There’s such an intense laser focus in parenting culture and education today on kids being ‘smart’.
My daughter is in kindergarten at a very progressive and creatively-driven micro school and she’s already getting overbearingly evaluated and passively ridiculed for not being able to check all the boxes of our left-brained culture and education system.
I saw two kids the other day wearing shirts that said, ‘Smart kids will rule the world.’
Now, that’s great. I’m all for smart. Yay for the scientific method and math and reading and all of the smart things.
But I’d note that smart people already rule the world. You could say that Donald Trump is ‘smart’. I mean, Wharton is a great school. No slouches get in there (though it does help to have a rich dad like Trump).
From what I can tell, you can throw a rock and hit a ‘smart’ person. But to find someone who is kindly and wise (note: different than ‘smart’) takes serious searching.
I’d argue that our world is more measured and rationalistically parsed out than ever. But look where it’s gotten us, internally. The anxiety, depression, bitterness, division and hopelessness in the human condition hasn’t lifted one bit.
Let’s support the ‘smart’ kids and let them be smart. But what’s lacking so much in this world isn’t smarts — it’s things like empathy, heart, caring, generosity, curiosity, and selflessness.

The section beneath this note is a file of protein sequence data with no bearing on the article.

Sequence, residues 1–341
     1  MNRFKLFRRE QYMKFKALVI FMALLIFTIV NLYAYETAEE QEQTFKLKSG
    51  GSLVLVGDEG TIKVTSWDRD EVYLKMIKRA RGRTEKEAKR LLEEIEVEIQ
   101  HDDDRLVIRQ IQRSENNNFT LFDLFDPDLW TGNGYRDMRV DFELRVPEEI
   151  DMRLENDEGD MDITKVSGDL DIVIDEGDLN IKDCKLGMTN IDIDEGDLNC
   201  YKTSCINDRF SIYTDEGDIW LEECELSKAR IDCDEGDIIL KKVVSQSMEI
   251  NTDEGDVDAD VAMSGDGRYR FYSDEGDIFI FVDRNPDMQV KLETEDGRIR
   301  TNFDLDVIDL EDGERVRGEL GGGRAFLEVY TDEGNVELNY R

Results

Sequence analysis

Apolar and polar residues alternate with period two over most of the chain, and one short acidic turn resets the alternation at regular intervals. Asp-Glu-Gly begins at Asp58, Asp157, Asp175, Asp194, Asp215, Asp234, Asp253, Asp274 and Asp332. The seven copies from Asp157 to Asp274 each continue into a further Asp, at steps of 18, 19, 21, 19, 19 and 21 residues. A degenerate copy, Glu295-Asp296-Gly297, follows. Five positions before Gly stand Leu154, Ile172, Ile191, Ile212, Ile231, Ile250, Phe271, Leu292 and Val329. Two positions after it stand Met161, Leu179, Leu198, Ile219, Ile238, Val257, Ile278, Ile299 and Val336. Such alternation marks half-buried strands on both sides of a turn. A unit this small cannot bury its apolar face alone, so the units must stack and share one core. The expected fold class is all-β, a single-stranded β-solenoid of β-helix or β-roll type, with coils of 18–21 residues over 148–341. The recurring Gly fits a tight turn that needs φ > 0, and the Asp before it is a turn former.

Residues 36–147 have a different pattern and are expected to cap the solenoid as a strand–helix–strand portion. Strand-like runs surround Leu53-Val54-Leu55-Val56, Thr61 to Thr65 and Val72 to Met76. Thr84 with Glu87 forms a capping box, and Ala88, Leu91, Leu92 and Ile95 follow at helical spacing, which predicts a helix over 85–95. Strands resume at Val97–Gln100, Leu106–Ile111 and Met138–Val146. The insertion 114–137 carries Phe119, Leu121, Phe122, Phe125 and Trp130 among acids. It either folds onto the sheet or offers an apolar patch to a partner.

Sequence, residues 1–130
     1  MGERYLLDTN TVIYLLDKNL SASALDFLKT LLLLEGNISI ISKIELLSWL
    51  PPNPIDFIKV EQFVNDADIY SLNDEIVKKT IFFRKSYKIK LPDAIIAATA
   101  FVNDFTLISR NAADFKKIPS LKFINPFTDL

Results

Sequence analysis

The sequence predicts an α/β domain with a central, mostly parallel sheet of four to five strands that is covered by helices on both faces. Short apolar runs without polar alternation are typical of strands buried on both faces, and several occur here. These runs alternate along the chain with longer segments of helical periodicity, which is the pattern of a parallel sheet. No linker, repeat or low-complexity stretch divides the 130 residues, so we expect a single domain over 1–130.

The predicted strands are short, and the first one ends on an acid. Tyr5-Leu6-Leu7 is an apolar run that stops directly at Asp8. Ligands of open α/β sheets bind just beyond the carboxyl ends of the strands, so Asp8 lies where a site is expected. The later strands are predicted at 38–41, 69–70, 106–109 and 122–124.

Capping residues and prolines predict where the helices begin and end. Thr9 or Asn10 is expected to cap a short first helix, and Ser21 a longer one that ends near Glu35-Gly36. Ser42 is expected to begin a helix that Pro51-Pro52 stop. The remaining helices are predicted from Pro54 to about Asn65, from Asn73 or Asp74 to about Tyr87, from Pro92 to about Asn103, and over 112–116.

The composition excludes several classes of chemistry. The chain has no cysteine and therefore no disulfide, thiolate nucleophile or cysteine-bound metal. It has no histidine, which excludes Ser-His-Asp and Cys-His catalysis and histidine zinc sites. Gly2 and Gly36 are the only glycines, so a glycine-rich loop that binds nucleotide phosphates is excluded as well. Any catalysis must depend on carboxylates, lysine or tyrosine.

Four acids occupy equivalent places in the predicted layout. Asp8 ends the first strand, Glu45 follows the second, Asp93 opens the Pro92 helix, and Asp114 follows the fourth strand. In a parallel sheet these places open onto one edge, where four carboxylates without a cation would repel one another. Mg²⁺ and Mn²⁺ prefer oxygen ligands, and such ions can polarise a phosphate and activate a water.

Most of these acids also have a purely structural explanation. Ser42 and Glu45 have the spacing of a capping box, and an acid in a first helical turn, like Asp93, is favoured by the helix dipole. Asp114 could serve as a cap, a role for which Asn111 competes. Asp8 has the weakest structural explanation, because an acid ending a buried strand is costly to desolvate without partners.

Smart is an easy-out for any system because it can be measured. One kid is smarter than another because she learned how to write by age three vs. the ‘slow’ kid over there who’s still struggling with the concept at six.
Box checked, noted, and measured. An immediate boost in social status for both child and parent (and the system maintains its relevance).
But when one big kid is helpful on the playground to smaller kids — when she takes the time and expends the vulnerability to make the new terrified kindergartner feel welcome and loved — her work goes largely unmeasured and thusly unnoticed (maybe she gets a pat on the back from a discerning teacher, but that’s about it). And so she moves towards becoming a recognized and measured ‘smart kid’ as the kindergartner is left there feeling alone at the teacher’s side while all the other kids play in small clan-like pods around her.
Looking ahead to a world full of our grown kids, I’d rather my neighbors be kind and wise than smart and intelligent.
As a parent, this is our battle. Raising kind kids in a system and culture that just wants them to be smart using a very questionable measuring stick for what it deems ‘intelligence’.
And so, I say, challenge accepted. We must raise kind kids to really change the world.